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Can American Values Radicalize Muslims Both Here and Abroad?

Far from eliminating radicalization, there is reason to believe that Western values can actually exacerbate Islamist tendencies.

by
Raymond Ibrahim

Bio

February 10, 2011 - 12:00 am
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Recent comments by U.S. officials on the threat posed by “radicalized” American Muslims are troubling, both for their domestic and international implications. Attorney General Eric Holder states that “the threat has changed … to worrying about people in the United States, American citizens — raised here, born here, and who for whatever reason, have decided that they are going to become radicalized and take up arms against the nation in which they were born.” The situation is critical enough to compel incoming head of the House Committee on Homeland Security Peter King to do all he can “to break down the wall of political correctness and drive the public debate on Islamic radicalization.”

To be sure, radicalized American Muslims pose a far greater risk than foreign radicals. For example, it is much easier for the former to get a job in the food industry and poison food — a recently revealed al-Qaeda strategy. American terrorists are also better positioned to exploit the Western mindset. After describing Anwar al-Awlaki as one of the most dangerous terrorists alive, Holder added that he “is a person who — as an American citizen — is familiar with this country and he brings a dimension, because of that American familiarity, that others do not.”  (Likewise, American Adam Gadahn is al-Qaeda’s chief propagandist in English no doubt due to his “American familiarity.”)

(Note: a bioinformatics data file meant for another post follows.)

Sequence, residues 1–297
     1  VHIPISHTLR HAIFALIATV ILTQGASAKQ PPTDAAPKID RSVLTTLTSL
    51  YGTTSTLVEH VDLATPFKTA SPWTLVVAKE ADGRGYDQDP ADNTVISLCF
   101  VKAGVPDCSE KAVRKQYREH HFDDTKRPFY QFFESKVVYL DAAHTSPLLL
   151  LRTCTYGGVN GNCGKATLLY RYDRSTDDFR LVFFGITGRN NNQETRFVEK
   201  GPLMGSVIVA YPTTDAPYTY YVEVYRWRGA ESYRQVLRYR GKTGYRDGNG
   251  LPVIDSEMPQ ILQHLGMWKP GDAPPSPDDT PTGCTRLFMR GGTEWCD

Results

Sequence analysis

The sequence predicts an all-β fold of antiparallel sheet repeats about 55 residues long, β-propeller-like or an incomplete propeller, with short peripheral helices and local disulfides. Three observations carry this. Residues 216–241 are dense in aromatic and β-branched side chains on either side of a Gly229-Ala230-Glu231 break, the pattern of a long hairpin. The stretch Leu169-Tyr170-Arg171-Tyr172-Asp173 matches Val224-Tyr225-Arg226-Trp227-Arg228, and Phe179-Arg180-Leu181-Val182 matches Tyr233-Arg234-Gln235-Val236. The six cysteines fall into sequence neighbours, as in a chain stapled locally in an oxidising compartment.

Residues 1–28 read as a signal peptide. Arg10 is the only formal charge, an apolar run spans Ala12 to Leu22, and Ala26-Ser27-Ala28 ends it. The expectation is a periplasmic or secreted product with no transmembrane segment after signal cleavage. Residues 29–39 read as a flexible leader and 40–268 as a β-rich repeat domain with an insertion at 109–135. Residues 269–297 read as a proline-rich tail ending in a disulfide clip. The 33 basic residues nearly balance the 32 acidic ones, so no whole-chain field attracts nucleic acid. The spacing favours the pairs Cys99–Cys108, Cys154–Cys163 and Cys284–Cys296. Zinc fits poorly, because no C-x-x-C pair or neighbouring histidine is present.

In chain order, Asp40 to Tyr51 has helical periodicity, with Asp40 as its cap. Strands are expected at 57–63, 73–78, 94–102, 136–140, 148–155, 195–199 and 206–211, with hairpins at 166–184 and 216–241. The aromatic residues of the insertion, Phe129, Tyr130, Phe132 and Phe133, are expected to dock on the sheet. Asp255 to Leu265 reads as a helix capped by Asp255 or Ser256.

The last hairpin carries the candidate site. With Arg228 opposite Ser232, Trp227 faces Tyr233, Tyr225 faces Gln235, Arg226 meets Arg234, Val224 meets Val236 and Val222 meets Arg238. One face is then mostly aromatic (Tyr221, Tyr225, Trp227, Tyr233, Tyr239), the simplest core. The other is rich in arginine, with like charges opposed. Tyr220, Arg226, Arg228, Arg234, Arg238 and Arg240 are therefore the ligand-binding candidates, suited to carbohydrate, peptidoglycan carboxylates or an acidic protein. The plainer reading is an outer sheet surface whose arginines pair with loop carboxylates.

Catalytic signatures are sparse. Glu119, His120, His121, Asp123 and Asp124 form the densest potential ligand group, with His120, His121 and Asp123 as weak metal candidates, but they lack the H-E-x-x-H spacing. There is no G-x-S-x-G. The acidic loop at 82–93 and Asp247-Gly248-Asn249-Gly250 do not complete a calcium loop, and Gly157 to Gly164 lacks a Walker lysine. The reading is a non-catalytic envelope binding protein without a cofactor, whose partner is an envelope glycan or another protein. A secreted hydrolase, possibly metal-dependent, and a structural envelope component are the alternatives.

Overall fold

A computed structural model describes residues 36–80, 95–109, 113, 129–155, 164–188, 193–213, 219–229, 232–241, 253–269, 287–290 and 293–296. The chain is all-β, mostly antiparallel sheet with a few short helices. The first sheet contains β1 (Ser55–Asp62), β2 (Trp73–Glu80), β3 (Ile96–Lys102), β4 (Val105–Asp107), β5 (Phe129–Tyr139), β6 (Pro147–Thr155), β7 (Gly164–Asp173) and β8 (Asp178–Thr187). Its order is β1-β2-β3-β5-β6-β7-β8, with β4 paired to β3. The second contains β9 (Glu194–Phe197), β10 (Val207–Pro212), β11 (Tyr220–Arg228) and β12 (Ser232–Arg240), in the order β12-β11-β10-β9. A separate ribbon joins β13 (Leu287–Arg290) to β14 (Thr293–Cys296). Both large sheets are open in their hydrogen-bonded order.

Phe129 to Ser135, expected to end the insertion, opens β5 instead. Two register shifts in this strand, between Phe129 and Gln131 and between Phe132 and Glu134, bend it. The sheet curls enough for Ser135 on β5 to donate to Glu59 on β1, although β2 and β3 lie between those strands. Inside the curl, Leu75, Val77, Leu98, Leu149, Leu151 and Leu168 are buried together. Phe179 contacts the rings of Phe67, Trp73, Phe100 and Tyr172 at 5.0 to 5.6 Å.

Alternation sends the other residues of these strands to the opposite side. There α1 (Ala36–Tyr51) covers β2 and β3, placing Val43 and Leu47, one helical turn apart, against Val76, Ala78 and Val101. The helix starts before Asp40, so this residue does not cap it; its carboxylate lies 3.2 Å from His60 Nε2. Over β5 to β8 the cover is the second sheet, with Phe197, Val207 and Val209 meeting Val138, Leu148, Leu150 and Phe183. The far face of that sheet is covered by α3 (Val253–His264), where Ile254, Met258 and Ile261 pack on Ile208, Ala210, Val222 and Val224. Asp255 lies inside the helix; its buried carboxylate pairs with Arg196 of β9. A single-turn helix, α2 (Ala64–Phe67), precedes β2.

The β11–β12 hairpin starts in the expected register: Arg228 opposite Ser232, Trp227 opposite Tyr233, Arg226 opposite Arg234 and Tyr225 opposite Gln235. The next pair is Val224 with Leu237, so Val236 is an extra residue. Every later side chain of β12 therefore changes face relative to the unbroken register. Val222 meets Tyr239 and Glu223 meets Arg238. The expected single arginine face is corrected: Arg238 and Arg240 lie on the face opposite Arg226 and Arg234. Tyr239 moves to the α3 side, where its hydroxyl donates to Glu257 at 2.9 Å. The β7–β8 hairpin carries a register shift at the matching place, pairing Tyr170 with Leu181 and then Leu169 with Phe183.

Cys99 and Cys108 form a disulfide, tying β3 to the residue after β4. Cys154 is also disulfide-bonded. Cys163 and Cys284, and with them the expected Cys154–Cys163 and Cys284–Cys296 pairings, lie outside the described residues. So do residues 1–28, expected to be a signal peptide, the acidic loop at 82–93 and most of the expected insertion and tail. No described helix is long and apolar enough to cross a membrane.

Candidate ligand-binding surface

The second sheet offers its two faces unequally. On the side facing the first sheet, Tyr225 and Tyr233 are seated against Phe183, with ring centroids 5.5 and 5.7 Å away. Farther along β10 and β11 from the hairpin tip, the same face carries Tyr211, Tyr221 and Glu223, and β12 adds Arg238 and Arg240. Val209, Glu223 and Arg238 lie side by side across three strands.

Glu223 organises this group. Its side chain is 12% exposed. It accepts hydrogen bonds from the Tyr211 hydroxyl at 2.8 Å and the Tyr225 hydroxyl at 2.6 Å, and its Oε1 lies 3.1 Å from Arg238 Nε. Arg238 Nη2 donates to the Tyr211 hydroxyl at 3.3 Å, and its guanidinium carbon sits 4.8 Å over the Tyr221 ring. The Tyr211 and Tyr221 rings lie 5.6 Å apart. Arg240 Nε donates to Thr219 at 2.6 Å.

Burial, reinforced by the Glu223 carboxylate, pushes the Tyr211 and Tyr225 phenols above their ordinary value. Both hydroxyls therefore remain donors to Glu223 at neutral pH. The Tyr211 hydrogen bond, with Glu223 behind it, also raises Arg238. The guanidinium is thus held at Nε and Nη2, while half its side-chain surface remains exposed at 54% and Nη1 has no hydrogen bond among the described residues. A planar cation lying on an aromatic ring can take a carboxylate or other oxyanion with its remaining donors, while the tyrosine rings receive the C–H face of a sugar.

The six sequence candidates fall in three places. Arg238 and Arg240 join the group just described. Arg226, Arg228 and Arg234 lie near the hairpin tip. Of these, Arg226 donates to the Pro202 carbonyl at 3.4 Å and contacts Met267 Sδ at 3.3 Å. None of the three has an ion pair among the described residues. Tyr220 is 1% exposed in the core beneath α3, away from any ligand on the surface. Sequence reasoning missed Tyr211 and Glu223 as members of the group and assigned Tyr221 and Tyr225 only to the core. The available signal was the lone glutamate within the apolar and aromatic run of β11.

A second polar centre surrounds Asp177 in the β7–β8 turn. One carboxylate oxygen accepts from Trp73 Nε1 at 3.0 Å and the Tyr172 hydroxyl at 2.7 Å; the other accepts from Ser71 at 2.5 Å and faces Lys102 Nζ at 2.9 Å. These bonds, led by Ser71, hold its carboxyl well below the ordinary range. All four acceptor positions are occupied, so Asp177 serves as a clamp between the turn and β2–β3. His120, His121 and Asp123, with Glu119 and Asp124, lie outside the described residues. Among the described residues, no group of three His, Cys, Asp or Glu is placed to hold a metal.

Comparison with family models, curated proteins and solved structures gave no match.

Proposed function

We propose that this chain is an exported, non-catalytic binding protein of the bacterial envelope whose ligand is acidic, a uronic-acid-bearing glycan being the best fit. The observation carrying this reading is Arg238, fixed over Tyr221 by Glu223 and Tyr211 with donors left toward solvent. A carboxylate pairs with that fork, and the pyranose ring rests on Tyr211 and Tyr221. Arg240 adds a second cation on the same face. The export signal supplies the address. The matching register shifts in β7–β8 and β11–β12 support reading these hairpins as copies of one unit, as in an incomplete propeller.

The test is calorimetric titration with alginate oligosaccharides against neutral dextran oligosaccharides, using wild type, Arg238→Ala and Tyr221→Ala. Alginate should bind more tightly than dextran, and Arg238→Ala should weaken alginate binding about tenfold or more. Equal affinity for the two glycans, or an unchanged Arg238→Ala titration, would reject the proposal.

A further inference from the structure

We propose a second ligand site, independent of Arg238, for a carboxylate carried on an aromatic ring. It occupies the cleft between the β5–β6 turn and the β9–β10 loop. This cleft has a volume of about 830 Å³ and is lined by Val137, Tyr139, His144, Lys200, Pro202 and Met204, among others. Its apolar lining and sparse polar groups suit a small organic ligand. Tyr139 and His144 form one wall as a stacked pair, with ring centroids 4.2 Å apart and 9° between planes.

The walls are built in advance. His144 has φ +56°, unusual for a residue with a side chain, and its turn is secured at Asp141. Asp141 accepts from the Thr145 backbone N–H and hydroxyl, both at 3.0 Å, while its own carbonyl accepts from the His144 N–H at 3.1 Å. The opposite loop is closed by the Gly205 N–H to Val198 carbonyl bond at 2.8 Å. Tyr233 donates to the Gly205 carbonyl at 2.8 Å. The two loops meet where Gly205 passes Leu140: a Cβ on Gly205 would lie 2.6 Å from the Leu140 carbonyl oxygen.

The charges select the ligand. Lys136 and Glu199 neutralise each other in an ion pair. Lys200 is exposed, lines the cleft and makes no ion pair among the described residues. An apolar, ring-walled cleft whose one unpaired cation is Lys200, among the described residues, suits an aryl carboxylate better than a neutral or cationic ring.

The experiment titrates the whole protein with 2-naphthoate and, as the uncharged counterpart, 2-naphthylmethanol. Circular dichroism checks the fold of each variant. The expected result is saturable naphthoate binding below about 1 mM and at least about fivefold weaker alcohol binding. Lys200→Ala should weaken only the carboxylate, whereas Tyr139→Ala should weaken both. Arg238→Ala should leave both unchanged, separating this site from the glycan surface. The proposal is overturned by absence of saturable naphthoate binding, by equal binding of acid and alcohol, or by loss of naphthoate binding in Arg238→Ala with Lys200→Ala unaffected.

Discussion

Sue Myrick, a member of the House of Representatives Permanent Select Committee on Intelligence, wrote a particularly candid letter on “radicalization” to President Obama:

For many years we lulled ourselves with the idea that radicalization was not happening inside the United Sates. We believed American Muslims were immune to radicalization because, unlike the European counterparts, they are socially and economically well-integrated into society. There had been warnings that these assumptions were false but we paid them no mind. Today there is no doubt that radicalization is taking place inside America. The strikingly accelerated rate of American Muslims arrested for involvement in terrorist activities since May 2009 makes this fact self-evident.

Myrick named several American Muslims as examples of those who, while “embodying the American dream, at least socio-economically,” still turned to radical Islam, astutely adding, “The truth is that if grievances were the sole cause of terrorism, we would see daily acts by Americans who have lost their jobs and homes in this economic downturn.”

Quite so. Yet, though Myrick’s observations are limited to the domestic scene, they beg the following, even more critical, question: If American Muslims, who enjoy Western benefits — including democracy, liberty, prosperity, and freedom of expression — are still being radicalized, why then do we insist that the importation of those same Western benefits to the Muslim world will eliminate its even more indigenous or authentic form of “radicalization”?

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